It is with some pride and excitement that I am writing my first piece for Brake Magazine. The adventure bike market worldwide has been crying out for something like this and while there is plenty of information floating around the internet, both good and bad, we hope to bring you exciting, informative and inspirational content. My goal is to provide useful information to enhance your enjoyment of this great pastime, so for this first issue I wanted to start with the essentials of adventure bike set-up. Many times I have seen people struggling with their riding and finding things far more difficult than they are, simply because they need to change a few small points about the way the bike is set-up, so here goes.
HandlebarsThe aim with the handlebars is to provide a nice flat surface to rest your arms on and place them near to the controls and so the ends of the bars should be flat. Have a look at the pictures to see where I’m coming from. In the first image the grip area is running downhill, image two the grips are horizontal, while three looks like a set of cow horns. We’re looking for image two. This will be the least tiring for your forearms and give you the greatest control over the front (steering) wheel. To achieve it simply loosen the four handlebar clamp bolts and roll the bars in the required direction. Then seat the two front bolts, before tightening the rear two good and tight – we don’t want these coming loose. A popular subject in adventure bike world is the fitting of handlebar risers and we see many people fitting these in order to be more comfortable when they stand up. Being comfortable is sitting down and that’s why adventure bikes have nice cushy seats in the middle of the bike as against hard seats on a specialist off road or sports bike. Standing up is about control and engineers place the handlebar clamps above the steering head to give you control over the front wheel and when cornering off road we need to be able to manage the front wheel. For the most part when people fit bar risers they go too high and too far back. Unless you are over 6’4’’ (193cm) it is unlikely you need bar risers. If you do fit them then look for the minimal amount of rise.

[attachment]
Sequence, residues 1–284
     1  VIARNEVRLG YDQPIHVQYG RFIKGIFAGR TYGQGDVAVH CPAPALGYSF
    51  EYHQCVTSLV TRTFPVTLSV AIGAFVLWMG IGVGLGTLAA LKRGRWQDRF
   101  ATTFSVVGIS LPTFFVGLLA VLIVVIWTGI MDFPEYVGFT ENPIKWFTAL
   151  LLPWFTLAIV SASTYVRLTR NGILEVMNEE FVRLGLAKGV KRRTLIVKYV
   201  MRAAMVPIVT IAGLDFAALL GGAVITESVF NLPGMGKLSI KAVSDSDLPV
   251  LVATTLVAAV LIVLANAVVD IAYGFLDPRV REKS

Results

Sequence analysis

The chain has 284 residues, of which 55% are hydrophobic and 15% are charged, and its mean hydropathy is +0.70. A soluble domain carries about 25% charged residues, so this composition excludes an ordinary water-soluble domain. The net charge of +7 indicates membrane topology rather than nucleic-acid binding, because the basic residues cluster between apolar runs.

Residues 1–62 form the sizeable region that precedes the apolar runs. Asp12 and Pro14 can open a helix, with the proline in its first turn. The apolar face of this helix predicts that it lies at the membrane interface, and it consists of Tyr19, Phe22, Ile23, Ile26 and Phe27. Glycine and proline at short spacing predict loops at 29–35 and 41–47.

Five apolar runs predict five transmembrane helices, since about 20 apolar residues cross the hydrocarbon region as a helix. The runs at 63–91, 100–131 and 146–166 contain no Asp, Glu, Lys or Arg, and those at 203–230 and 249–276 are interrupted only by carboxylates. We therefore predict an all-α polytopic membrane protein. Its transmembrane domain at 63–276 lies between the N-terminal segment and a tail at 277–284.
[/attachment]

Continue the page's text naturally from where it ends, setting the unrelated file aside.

LeversOnce you have the handlebars where you need them you can position the levers. The levers need to be slightly downhill from the handlebars like in the next image. This is a bit of a compromise, as we need to be able to control the bike nicely while both standing and sitting. It means that while standing they might at first feel slightly high and while sitting they might feel slightly low. Then most bikes have some kind of span adjuster (in this case the 4 position dial on top of the lever), so adjust the reach until the controls engage fully before touching your knuckles. Finally if you have a bike with a cable clutch make sure the cable still has some free play with the handlebars turned fully in both directions.